Creating Document Attachments: Docs, Sheets, and PDFs
Document attachments are an optional educational tool you can include alongside your tutorial. They are an additional document to your tutorial and not a copy. They are useful for directing the reader to take action on the concepts they’ve learned from your tutorial.
We have some simple guidelines to follow when creating document attachments to include with your tutorials, as well as examples to help get you started.
There are a number of types of documents you may create to offer as an attachment alongside your tutorials. Here are a few:
- Worksheets - This is a document the reader downloads, fills out, and works with. It is composed of various exercises with instructions. The common format type is PDF.
- References - These documents are meant to serve as additional information. They may complement what the reader learns in a tutorial or give them examples (real or theoretical) to reference. The common format type is PDF.
- Spreadsheets - These are workable spreadsheets that the reader can fill in and use as a tool. Or a reference sheet that serves as an example. The common format type is XLSX.
This is not meant to be a comprehensive list, but rather a starting point. Feel free to make suggestions to your editor on additional document types or formats you’d like to use as attachments along with your tutorial.
Published Examples on Tuts+
There are a range of strategies you may use for creating a document attachment that assists the reader and complements your tutorial. These examples represent a few common approaches and format types in action:
- Take Your Freelance Career to the Next Level - Worksheet, from the tutorial How to Take Your Freelancing Career to the Next Level—and Get Paid More. This is a simple example of a worksheet, made available in PDF format. This attachment is referenced from the tutorial and complements the concepts the reader learns. It’s a worksheet document they can download and fill out with their own research, ideas, and plans.
- Digital Asset Management Workflow - Document, from the tutorial The Digital Pipeline: How to Safely Manage Images and Video From Capture to Archive. This is a reference document attachment with an illustrated workflow and brief definition of each step. It’s available in PDF format.
- Freelance Budget - Spreadsheet, from the tutorial A Freelancer's Guide to Effective Budgeting. This attachment is a spreadsheet in XLSX format. It serves as both a tool and working example for freelancers. They can open it in Google Sheets or Excel and use it to track their own freelance business budget.
All of the document attachments above give readers additional tools to work with and actions to complete. They all use slightly different strategies to assist the reader. You can take a similar approach to the examples above, or try out innovative techniques.
When possible document attachments should have self-contained instructions, so they both complement a tutorial and work well on their own. Also, reference them from within your tutorial when appropriate as well.
When discussing an attachment in your tutorial, be sure to link to it the first time it’s mentioned. We include a link in the sidebar, but this gives the reader a quick heads up with a download link within the context of the content as well.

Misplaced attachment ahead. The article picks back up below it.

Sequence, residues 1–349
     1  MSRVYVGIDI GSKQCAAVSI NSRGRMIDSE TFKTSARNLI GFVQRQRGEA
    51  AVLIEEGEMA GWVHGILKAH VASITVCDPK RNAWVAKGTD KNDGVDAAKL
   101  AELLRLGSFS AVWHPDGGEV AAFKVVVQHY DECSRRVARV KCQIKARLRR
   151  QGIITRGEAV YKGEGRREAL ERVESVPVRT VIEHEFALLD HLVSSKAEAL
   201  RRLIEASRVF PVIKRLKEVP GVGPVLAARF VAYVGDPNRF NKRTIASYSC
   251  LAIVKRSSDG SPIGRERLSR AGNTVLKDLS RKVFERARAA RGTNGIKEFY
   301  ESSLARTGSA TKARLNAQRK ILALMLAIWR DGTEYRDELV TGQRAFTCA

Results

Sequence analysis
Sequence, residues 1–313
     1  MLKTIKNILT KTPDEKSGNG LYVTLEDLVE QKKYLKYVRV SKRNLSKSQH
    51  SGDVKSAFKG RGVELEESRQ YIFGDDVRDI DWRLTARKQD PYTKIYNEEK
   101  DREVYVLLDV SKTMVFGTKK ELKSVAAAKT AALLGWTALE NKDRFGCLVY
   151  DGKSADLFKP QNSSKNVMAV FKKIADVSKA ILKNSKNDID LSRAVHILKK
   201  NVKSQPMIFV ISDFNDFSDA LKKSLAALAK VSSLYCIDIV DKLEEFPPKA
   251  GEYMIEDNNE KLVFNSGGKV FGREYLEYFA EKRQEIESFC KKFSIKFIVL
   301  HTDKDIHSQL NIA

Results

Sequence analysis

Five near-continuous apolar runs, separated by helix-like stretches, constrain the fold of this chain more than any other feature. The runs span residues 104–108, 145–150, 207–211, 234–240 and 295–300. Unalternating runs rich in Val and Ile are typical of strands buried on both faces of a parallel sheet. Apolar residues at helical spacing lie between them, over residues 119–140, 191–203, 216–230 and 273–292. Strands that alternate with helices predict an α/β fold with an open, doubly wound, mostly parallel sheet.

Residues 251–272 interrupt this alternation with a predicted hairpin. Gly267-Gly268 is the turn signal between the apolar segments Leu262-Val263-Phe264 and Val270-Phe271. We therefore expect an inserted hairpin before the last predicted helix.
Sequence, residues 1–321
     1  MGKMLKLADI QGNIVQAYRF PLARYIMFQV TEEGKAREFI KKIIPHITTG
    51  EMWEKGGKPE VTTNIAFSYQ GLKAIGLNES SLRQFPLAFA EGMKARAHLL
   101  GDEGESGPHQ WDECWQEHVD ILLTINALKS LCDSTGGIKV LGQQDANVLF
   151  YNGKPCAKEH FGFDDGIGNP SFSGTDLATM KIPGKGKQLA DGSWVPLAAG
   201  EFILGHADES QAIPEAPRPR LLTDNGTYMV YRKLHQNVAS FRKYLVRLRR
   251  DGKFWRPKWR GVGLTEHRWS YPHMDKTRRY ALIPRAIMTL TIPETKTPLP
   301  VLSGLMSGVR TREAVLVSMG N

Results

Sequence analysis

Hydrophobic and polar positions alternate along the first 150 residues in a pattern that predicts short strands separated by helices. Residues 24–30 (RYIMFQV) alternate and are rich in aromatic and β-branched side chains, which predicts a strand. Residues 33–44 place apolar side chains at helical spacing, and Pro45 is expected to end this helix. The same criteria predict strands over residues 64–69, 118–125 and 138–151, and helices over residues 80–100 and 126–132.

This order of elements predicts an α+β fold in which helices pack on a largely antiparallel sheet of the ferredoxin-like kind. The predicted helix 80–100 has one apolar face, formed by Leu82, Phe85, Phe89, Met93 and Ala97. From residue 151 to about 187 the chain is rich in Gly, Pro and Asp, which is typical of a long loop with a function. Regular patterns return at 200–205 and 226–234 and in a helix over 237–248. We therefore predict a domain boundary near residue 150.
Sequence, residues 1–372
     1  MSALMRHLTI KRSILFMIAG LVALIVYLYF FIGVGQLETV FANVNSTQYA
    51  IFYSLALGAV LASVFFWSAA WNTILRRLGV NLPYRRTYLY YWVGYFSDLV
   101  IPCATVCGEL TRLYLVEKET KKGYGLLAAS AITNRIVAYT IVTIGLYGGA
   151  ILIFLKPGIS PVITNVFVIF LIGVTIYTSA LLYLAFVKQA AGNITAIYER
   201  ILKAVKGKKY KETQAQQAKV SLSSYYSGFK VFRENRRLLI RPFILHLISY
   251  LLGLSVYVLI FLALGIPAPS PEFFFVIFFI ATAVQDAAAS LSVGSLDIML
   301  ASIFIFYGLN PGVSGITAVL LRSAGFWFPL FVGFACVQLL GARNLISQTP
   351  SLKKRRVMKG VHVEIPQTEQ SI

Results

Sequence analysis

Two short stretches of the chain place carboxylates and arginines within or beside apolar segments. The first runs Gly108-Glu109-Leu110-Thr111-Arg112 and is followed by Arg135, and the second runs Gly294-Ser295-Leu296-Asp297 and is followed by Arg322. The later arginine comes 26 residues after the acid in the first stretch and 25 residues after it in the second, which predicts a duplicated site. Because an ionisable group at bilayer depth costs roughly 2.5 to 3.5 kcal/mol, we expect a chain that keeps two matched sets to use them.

Keep document designs fairly minimal.
Stick to black, white, and grayscale. Color is fine to use, such as in spreadsheet headers, or to add graphics or photos, but typically keep color use to a minimum.
Document fonts should be in Helvetica. When that’s not available, then use Arial or a similar Sans Serif alternative.
We use Google Drive (Sheets and Docs) for creating our document attachments, which is free to use. You’re welcome to use another application though, as long as you work within our style guide and can export in the recommended formats.
Working With Templates
To work with these templates follow a link below. It will take you to a Google template. Then click the Use This Template button. This will open a new copy of the document using our template formatting. You can freely create from within this new document, overwrite examples, and make it your own. Don’t worry, it won’t affect the original template itself.
Here are templates with examples to help get you started, which include embedded styles to work with:
Doc Formats and Uploading
After creating your document attachments in Google Drive, you’ll need to download and then package them for upload to your tutorial.
Export Google Docs as PDF Document (.pdf). Export Google Sheets as Microsoft Excel (.xlsx). You’re welcome to also export docs in another format when appropriate as well. You can do this in either Docs or Sheets by going to File > Download as and choosing the appropriate format option.
If you have more than one document, then Archive/Zip your files together. Then upload your final file(s) to your tutorial using the Attachment option in our CMS sidebar (this option is available inside a Tutorial or Article in our CMS). Click Choose File, then select the file you’d like to upload and click Open. Then be sure to Save your post.
You’ll notice a link added under Attachment after uploading. You can also add this link inside your content where appropriate as well. This link will be made available to readers to download on publication via a Download Attachment button in the sidebar.